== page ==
Thoughts on the First Analysis of Scott Gym

In ARS 283 Analysis Diagrams by Aixin LiLeave a Comment

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In my first analysis of Scott Gym, I found that Scott Gym brings many challenges to the design of the entrance for the Design Thinking Initiative space. The facade of side entrance of Scott Gym has repetition, datum, symmetry, and hierarchy as organizing principles. As shown in the image below, I focus on the hierarchy of the building. The side entrance and stairs stand out a lot among the rest of the organizing principles. The stairs, which is extended from the building can cause confusion, especially when most pedestrian traffic comes from the direction of Sage Hall. People might find the stairs out of place as they do not lead to the Design Thinking Initiative space. Walking around the stairs to get to the Design Thinking Initiative space might cause inconvenience. The path next to the building is narrow. However, the demolition of the house next to the building will bring opportunities for making the design of the entrance more opening and convenient.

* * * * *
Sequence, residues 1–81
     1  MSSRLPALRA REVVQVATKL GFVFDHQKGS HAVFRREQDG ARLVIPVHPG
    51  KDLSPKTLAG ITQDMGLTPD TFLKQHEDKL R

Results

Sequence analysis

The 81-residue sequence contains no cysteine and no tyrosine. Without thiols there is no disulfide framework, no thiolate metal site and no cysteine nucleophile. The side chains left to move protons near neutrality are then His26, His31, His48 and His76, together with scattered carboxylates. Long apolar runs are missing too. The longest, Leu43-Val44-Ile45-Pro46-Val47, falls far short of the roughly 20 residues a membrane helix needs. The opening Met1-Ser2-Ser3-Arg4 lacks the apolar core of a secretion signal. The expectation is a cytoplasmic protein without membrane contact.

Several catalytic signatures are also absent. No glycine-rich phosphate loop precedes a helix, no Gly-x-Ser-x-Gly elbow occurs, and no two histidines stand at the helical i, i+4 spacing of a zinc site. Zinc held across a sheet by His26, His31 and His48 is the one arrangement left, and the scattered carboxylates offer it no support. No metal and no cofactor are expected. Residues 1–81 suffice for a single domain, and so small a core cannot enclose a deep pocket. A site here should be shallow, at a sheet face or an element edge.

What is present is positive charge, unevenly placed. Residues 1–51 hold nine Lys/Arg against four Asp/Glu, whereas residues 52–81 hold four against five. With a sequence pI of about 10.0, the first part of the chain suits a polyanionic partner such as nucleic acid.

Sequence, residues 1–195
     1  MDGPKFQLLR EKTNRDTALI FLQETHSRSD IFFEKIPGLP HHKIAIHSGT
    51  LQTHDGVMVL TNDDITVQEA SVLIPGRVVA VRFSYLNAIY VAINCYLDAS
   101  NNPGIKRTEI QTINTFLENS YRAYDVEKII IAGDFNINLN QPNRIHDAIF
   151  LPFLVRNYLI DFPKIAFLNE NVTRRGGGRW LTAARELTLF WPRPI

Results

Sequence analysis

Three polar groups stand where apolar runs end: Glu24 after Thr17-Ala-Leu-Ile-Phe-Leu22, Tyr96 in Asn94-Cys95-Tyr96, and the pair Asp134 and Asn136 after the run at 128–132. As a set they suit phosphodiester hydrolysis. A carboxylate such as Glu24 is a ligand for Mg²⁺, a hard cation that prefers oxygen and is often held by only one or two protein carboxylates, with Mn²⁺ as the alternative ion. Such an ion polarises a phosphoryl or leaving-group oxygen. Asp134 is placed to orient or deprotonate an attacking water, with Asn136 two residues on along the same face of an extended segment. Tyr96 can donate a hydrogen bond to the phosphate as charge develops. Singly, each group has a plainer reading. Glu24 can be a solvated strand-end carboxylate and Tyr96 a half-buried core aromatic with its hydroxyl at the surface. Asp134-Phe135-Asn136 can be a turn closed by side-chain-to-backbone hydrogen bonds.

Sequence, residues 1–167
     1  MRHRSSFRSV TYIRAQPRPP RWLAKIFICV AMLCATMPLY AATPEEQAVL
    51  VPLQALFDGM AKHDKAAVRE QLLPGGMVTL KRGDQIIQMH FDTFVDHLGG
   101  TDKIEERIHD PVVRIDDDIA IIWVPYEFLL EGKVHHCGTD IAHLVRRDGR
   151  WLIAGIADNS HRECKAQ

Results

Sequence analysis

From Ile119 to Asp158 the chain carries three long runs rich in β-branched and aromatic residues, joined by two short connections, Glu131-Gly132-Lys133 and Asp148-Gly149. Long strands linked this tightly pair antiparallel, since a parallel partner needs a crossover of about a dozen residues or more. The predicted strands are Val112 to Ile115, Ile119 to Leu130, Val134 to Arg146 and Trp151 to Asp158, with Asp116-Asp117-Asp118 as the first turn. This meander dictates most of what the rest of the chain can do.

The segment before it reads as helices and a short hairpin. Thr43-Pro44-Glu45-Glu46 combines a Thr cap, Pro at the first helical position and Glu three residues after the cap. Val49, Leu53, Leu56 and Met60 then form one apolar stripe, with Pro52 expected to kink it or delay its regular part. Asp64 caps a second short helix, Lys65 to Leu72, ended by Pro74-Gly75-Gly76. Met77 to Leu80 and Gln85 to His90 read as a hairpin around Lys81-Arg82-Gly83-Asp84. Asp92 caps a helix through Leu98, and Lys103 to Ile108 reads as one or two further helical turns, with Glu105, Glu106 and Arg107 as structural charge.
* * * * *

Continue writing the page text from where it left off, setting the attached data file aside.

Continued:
The direction at which the entrance will be facing can play a role in making the space more inviting and welcoming. The demolition of the house will open new ways that can spread the heavy pedestrian traffic from the path between Sage Hall and Josten Library to Belmont Avenue that is to the right of Mendenhall Center and goes down towards Scott Gym. Also, one question that came to mind was “how do people get to the space?” All students can bike, walk, and drive to the space. However, not all modes of transportation leads directly to the space. Parking bikes by the entrance of Scott Gym and Josten Library requires walking to the Design Thinking Initiative space.

Some questions that came up when doing this analysis are:

  • Where will the entrance of the space face?
  • Where can bike racks be placed?
  • How else can users access the space?
  • How to promote other paths that are not heavily used?
  • How will the new entrance look in the context of its surrounding?
  • Will the new entrance incorporate the organizing principles of the surrounding buildings?
  • Can the parking lot have path that leads to the entrance?

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